The benefits of using marijuana continue to become more apparent with continued scientific research. Following recreational Cannabis legalization, there’s a reduction of about 20 percent in the likelihood that employees 40 to 62 report any income from workers’ compensation, according to a new study.
Temple University professor Johanna Catherine Maclean, who led the study, is an economist who studies the impact of substance use on the labor market. Maclean’s recent research has focused on how medical and recreational marijuana legalization affects the ability to work productively. It uses the frequency of workers’ compensation claims as a measure, reports The Philadelphia Inquirer.
“These medical and recreational marijuana policies are quite new, so we have a lot more to learn,” Maclean said. “These are policies in motion.”
“We studied older adults, who we call 40 to 62, and looked at all self-reported workers’ compensation income,” Maclean explained. “We mainly focused on workers’ compensation because we viewed it as one proxy for work capacity, which we define as the ability to work productively.”
Maclean speculates this may occur because older workers are achieving symptom reduction through their Cannabis use.
“We don’t think that using marijuana is actually improving people’s health,” she said. “We think it may allow some of these older folks with chronic conditions to better manage their symptoms.”
“I think what’s happening is some people, in particular older people who are more likely to suffer from conditions with painful symptoms that impede work capacity, are using marijuana,” Maclean said. She added that older workers typically use Cannabis “to treat things like chronic pain, mental health conditions, sleep disorders, and so on and so forth,” Maclean said.
That makes these workers aged 40-62 less likely to miss work and apply for workers’ compensation.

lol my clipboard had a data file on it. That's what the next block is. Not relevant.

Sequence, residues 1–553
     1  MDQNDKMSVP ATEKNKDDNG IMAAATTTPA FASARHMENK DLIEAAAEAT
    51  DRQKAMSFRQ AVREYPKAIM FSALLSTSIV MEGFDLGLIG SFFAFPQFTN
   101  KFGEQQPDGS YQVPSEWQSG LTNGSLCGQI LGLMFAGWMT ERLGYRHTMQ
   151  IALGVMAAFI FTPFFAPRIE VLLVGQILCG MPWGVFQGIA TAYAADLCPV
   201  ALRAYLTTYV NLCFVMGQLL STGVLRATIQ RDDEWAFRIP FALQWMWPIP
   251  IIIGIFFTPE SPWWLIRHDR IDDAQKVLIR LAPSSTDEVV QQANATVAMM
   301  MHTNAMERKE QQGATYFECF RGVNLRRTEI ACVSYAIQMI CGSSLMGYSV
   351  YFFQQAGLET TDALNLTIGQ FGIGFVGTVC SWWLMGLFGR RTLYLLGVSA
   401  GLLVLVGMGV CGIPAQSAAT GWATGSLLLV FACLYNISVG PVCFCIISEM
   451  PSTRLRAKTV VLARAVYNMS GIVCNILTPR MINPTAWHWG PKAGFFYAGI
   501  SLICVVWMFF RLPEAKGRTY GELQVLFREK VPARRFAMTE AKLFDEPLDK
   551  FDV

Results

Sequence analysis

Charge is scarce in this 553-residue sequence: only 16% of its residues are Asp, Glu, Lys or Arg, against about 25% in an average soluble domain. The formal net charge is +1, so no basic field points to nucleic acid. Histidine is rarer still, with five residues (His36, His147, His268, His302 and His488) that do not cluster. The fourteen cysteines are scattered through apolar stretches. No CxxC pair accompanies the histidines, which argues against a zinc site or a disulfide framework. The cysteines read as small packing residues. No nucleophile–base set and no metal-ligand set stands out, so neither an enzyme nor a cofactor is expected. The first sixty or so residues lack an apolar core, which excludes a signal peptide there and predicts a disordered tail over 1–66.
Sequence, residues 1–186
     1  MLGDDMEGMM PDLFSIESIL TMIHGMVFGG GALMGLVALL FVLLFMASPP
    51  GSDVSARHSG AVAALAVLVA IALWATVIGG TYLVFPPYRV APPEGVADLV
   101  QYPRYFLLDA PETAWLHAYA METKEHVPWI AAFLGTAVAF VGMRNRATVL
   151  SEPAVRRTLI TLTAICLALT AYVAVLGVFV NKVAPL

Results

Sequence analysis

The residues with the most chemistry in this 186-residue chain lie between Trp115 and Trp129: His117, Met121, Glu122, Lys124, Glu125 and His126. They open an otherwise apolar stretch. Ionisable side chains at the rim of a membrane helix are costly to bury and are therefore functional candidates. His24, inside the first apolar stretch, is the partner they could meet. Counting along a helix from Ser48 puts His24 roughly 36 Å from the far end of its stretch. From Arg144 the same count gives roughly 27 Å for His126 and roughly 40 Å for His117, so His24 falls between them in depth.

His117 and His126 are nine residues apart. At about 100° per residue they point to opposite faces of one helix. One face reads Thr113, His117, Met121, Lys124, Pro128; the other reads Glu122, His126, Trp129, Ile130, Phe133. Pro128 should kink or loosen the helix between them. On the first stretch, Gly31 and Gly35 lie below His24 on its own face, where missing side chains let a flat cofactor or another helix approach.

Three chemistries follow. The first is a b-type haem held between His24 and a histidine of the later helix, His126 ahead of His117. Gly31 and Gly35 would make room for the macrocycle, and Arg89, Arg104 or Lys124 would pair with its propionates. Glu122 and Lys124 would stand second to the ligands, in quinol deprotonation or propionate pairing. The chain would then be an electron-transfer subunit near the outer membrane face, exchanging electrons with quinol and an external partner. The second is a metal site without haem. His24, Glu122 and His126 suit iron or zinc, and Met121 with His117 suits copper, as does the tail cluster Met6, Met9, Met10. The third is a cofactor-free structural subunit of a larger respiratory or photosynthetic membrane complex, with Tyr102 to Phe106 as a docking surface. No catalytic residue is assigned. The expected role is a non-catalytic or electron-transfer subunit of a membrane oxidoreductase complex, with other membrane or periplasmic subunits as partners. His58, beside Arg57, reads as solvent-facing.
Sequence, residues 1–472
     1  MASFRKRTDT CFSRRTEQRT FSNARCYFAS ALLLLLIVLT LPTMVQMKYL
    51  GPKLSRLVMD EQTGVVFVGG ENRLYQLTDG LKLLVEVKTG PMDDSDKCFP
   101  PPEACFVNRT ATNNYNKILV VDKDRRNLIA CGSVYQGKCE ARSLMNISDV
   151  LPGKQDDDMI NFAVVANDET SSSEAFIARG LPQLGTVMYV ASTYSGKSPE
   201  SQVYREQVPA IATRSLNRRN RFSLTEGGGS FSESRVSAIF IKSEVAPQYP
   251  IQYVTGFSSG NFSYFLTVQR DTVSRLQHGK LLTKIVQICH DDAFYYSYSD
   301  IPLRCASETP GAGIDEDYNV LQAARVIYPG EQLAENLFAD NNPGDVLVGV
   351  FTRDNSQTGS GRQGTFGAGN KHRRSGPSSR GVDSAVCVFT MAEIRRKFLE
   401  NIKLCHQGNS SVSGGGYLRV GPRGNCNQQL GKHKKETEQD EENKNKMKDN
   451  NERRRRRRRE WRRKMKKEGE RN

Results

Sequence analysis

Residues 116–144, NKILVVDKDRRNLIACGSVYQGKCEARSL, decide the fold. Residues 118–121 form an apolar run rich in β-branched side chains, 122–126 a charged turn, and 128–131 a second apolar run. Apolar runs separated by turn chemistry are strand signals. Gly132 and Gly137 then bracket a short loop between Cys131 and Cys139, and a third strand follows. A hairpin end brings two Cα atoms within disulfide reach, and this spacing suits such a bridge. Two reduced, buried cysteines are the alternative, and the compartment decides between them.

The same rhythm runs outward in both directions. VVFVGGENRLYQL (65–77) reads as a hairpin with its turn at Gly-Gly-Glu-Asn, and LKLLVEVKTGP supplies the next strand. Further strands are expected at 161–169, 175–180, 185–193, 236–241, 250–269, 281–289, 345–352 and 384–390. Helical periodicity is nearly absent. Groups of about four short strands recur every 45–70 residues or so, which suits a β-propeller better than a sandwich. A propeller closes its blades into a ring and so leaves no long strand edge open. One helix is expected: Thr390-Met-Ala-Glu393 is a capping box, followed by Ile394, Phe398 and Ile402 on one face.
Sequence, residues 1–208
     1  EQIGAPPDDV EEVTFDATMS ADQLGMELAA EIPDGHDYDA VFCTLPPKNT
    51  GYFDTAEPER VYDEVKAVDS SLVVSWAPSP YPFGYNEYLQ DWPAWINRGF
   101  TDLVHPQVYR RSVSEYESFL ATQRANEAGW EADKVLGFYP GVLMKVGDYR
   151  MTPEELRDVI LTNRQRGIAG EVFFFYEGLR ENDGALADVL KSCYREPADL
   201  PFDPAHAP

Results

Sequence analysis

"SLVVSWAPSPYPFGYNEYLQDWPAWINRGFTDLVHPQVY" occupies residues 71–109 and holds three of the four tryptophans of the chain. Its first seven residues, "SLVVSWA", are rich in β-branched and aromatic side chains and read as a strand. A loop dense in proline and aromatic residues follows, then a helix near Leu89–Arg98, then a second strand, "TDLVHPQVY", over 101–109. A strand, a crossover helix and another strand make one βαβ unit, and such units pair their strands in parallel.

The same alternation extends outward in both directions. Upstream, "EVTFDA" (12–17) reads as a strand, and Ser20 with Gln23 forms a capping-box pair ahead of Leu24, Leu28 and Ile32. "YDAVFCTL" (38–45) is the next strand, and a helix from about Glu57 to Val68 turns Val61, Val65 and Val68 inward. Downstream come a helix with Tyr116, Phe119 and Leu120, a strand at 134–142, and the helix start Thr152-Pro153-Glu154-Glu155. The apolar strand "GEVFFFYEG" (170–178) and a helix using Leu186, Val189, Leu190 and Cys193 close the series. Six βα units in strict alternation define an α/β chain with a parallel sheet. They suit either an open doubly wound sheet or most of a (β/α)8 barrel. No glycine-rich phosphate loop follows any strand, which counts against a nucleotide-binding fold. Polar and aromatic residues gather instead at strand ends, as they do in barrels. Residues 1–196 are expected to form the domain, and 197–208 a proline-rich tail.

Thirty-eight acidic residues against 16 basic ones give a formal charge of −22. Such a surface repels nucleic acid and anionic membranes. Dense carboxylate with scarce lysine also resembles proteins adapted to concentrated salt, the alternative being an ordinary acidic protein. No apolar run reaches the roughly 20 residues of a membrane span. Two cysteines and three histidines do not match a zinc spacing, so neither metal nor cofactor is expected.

Reducing Workers’ Compensation… And Prescriptions
We see changes in utilization of therapeutic substitutes, like opioids, in insurance claims data after legalization, according to the evidence, according to Maclean. That might mean, say, before you were using opioids to manage your chronic pain. But when we adopt a medical or recreational marijuana law, we see a reduction in prescriptions for refills for things like opioids.”
“There’s many states, like Pennsylvania, that have a medical law, but not a recreational law,” Maclean said. Qualifying health conditions are relatively restricted, and generic chronic pain isn’t often included. So there’s a belief that there are many people who could benefit from medical marijuana, but they’re not eligible.”
“Or perhaps there’s a stigma that prevents people from accessing medical marijuana,” she said. “When there’s a medical law, you must seek a recommendation from a healthcare professional and that creates a barrier. When you have a recreational law, that barrier isn’t there. I don’t have to tell a doctor that I’m anxious, have a sleep disorder, or have PTSD. All I have to do is go to the dispensary and purchase it, and show that I’m 21.”
Maclean said the evidence does not support the notion that Cannabis causes more workplace accidents. “We saw that non-fatal workplace injuries actually declined following recreational marijuana adoption. So that suggests that people are not getting into problems at work because they’re high.”